London has always been creative. Have a quick glance through your one-glassed Victorian window (if you’re lucky to have one) and the double-decker buses zooming down the wrong right side of the road will confirm it: British people love to do things differently.
Shows, clothes, haircuts, puddings, singers, humorists, restaurants, pubs’ names, pubs’ blackboards, Queens… the number of things which differ from the old continent is longer than a spoilt 6 year-old’s Christmas gift list.
But having a creative city wasn’t enough for the Brits. They wanted to have THE most creative city. So they sat around a table with their Starbucks Gingerbread Latte and decided to rethink one of the most insignificant object of all times.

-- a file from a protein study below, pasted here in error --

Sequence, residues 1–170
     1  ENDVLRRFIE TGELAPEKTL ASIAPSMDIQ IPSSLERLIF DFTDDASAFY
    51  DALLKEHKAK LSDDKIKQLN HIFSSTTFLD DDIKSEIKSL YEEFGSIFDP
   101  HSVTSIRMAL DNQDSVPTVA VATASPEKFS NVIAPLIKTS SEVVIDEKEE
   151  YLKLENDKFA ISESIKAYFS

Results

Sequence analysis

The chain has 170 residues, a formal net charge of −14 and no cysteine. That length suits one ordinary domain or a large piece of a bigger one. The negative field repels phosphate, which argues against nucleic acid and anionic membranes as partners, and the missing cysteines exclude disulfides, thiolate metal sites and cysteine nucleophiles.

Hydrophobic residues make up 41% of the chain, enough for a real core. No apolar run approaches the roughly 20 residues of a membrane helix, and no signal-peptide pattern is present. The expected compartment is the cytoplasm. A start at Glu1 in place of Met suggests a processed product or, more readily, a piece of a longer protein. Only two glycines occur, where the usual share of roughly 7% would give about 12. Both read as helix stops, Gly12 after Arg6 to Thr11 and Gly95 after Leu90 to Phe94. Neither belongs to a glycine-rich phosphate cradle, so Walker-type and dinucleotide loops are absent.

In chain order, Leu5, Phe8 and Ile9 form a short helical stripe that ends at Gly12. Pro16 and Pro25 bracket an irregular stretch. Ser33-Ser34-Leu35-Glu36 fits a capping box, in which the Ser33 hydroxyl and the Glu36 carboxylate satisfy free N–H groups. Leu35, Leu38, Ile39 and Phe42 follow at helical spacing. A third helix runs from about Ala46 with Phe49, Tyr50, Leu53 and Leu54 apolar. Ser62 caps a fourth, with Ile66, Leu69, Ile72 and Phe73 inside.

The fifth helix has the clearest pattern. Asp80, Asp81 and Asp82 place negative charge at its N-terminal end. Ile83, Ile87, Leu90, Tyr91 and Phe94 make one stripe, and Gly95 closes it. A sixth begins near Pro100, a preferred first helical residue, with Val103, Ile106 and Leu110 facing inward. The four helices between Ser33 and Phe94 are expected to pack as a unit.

The plug socket.
From a simple white piece of plastic with two round wholes they created a simple white piece of plastic with three rectangular wholes. And some celebrities welcomed the new plug socket with enthusiasm.
“A genius design move” Steve Jobs
“This is a great opportunity for London“ Boris Johnson
“I’m happy they kept it white” Donald Trump
Unfortunately, not everyone was happy with it. To use their favorite electric toothbrush, millions of foreigners had to buy adapters. And attached to the adapters, extension cables to plug the TV, the toaster, the computer, the printer, the lamp, the electric guitar, piano, violin, organ and flute (yes, some foreigners are really into music).
Today with all the cable extensions all over the floor, my interior looks like a contemporary art installation at a Tate Modern’s exhibition. I even have to put a caption next to it to inform visitors what this really represents:
Title: Plug socket
Size: 3m x 4m. Wooden floor canvas and plastic components.
It looks like London’s creativity is starting to influence me. I create unique pieces of art. Like Londoners. Is it serious, doctor?
Oh gosh, I’m becoming British. Blimey!